Labour too would introduce new NHS legislation, but to reinstate the duty of the health secretary to provide care to all citizens, which was removed under the Coalition’s reforms in 2012.
Under the last Conservative government, the responsibility for public health was transferred to local councils and funding was cut. By 2020/21 funding for public health will have been cut in real–terms by 25% on 2015/16 levels or around £1 billion. This has had a major impact on service levels, particularly in more deprived areas.
Labour promises to address the shortfall in funding with an increase of £1 billion in spending on public health. The Liberal Democrats also promise to make good the shortfall but without mentioning a figure. Both these parties appear to appreciate the importance of public health services to our society and people’s well-being.
They both outline a number of pledges, many focused on food and drink, including minimum unit pricing for alcohol, extending the Soft Drinks Industry Levy to juice and milk-based drinks and approaches to regulate junk food advertising and sales.
The Conservative manifesto, on the other hand, does not address this issue in much detail, instead it says they will “invest in preventing diseases as well as curing them” and try to “empower people with lifestyle related conditions to live healthier lives.”
In November this year, data from the NHS showed that key targets for cancer, hospital care and A&E have been missed for over three years. The delays for hospital care and in A&E hit their highest levels since both targets were introduced.
Less than 75% of people who went to A&Es in England in October were treated and then discharged, admitted or transferred within four hours – the smallest proportion since the target was introduced in 2004. In September 2019, 4.42 million patients were on the waiting list, the highest number ever and 76.9% of cancer patients starting treatment within 62 days – below the 85% target.
All these problems can not be addressed in isolation and are inextricably linked to funding of both the NHS and social care. As already outlined, the Conservatives funding plan does not provide enough money and no plans have been put forward to solve the problems of social care. So although the manifesto lists pledges for waiting time reductions, in reality there will not be sufficient funding to have any impact.
Mental health services are in crisis at present due to lack of staff and funding, with high waiting times and a lack of sufficient infrastructure and beds. Children and adolescent services are particularly badly hit.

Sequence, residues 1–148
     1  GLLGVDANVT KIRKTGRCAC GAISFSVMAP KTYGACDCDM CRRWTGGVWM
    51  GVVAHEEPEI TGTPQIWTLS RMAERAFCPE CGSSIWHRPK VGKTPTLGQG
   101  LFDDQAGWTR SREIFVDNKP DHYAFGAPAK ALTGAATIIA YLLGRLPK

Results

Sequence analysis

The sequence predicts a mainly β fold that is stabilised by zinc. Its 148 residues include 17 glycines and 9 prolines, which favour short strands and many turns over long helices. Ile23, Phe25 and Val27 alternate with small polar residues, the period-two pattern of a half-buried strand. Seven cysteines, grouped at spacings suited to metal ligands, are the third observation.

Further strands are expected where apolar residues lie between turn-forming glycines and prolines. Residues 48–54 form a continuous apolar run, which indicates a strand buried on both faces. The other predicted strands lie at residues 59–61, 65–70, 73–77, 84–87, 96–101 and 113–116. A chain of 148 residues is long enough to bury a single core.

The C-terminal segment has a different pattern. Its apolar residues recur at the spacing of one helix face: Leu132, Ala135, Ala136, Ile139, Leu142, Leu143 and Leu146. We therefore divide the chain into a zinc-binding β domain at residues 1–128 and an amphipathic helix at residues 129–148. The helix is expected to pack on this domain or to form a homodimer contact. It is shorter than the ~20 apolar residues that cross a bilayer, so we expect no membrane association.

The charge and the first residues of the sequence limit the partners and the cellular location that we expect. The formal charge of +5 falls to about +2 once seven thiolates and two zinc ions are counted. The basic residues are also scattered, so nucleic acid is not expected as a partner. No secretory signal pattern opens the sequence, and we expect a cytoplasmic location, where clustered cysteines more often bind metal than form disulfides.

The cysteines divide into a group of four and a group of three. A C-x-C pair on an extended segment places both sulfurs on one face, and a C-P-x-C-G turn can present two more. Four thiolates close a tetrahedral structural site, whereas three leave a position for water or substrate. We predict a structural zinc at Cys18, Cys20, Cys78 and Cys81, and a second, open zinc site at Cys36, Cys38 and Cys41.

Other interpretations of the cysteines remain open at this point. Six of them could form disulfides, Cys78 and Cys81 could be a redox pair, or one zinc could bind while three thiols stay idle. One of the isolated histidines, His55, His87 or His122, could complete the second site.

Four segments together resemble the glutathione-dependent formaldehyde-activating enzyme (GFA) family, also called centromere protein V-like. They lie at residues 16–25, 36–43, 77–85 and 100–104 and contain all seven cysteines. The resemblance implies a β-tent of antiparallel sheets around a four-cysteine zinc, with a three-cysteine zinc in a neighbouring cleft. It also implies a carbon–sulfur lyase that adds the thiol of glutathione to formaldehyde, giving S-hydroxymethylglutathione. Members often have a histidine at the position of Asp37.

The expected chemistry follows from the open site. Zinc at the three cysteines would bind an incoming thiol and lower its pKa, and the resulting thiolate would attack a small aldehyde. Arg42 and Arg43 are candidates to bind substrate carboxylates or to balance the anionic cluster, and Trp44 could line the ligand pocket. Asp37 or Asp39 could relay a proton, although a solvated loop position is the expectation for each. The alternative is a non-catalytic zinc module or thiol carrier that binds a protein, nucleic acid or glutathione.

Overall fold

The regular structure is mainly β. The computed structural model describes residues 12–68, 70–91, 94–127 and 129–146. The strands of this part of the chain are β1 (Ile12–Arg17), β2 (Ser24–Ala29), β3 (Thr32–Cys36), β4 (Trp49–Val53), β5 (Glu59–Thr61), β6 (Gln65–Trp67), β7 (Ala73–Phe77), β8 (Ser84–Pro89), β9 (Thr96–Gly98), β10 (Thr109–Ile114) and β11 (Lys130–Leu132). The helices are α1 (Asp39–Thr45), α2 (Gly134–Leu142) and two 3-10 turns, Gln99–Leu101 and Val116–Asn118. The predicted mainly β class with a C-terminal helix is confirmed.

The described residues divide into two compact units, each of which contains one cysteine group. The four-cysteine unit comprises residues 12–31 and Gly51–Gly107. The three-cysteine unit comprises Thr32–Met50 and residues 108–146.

Mental health is discussed in all four manifestos, with all four parties, Labour, Green, Liberal Democrat and Conservative, pledging to treat mental health and physical health with the same urgency, however as already discussed this will only happen if funding is sufficient.
All the parties have a number of other pledges relating to healthcare.
Labour plans to introduce free prescriptions and annual dental check-ups for all, and to not let NHS data be exploited by international technology and pharmaceutical corporations.
Following the considerable media coverage of possible drug price rises under any post-Brexit trade deal with the US, it is interesting that Labour plans to establish a government generic drug company, so if fair prices are rejected for patented drugs, the provisions of the Patents Act, compulsory licences and research exemptions can be used to secure access to generic versions. Labour also plans to plant an ‘NHS forest’ to ensure the organisation can become carbon neutral.
Both Labour and the Liberal Democrats have pledged to make PReP for HIV prevention available on the NHS.
The Conservatives announced an extension of the Cancer Drugs Fund into the ‘Innovative Medicines Fund’ and a doubling of investment in dementia research and speeded up trials. However, Brexit has already led to a significant ‘brain drain’ of academics and researchers from UK universities. The charity Alzheimer’s Research UK has already warned about the negative effect of Brexit on research into dementia, with a loss in funding – dementia research in the UK has benefitted hugely from EU funding over recent years – and the loss of researchers and collaborations with European researchers.
And finally the regular battle over car parking fees should get a mention – Labour will scrap them for all and the Conservatives will end hospital car parking charges only for those in “the greatest need” plus staff working night shifts.